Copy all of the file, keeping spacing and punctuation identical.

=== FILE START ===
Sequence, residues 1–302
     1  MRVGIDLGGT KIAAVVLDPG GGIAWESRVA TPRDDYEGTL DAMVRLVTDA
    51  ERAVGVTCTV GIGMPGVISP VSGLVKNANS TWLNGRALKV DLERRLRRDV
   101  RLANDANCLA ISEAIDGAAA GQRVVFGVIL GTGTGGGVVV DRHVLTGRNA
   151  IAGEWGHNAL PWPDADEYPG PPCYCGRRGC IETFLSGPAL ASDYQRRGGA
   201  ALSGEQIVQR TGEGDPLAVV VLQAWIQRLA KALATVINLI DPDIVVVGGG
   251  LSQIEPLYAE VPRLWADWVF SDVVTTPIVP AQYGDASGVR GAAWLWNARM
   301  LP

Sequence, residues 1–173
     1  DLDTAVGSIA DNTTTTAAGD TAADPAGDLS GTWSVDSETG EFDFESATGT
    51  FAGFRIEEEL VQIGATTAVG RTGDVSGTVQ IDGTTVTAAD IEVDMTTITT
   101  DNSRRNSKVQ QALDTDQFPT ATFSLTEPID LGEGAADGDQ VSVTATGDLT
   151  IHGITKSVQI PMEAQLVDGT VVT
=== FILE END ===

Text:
Sequence, residues 1–302
     1  MRVGIDLGGT KIAAVVLDPG GGIAWESRVA TPRDDYEGTL DAMVRLVTDA
    51  ERAVGVTCTV GIGMPGVISP VSGLVKNANS TWLNGRALKV DLERRLRRDV
   101  RLANDANCLA ISEAIDGAAA GQRVVFGVIL GTGTGGGVVV DRHVLTGRNA
   151  IAGEWGHNAL PWPDADEYPG PPCYCGRRGC IETFLSGPAL ASDYQRRGGA
   201  ALSGEQIVQR TGEGDPLAVV VLQAWIQRLA KALATVINLI DPDIVVVGGG
   251  LSQIEPLYAE VPRLWADWVF SDVVTTPIVP AQYGDASGVR GAAWLWNARM
   301  LP

Sequence, residues 1–173
     1  DLDTAVGSIA DNTTTTAAGD TAADPAGDLS GTWSVDSETG EFDFESATGT
    51  FAGFRIEEEL VQIGATTAVG RTGDVSGTVQ IDGTTVTAAD IEVDMTTITT
   101  DNSRRNSKVQ QALDTDQFPT ATFSLTEPID LGEGAADGDQ VSVTATGDLT
   151  IHGITKSVQI PMEAQLVDGT VVT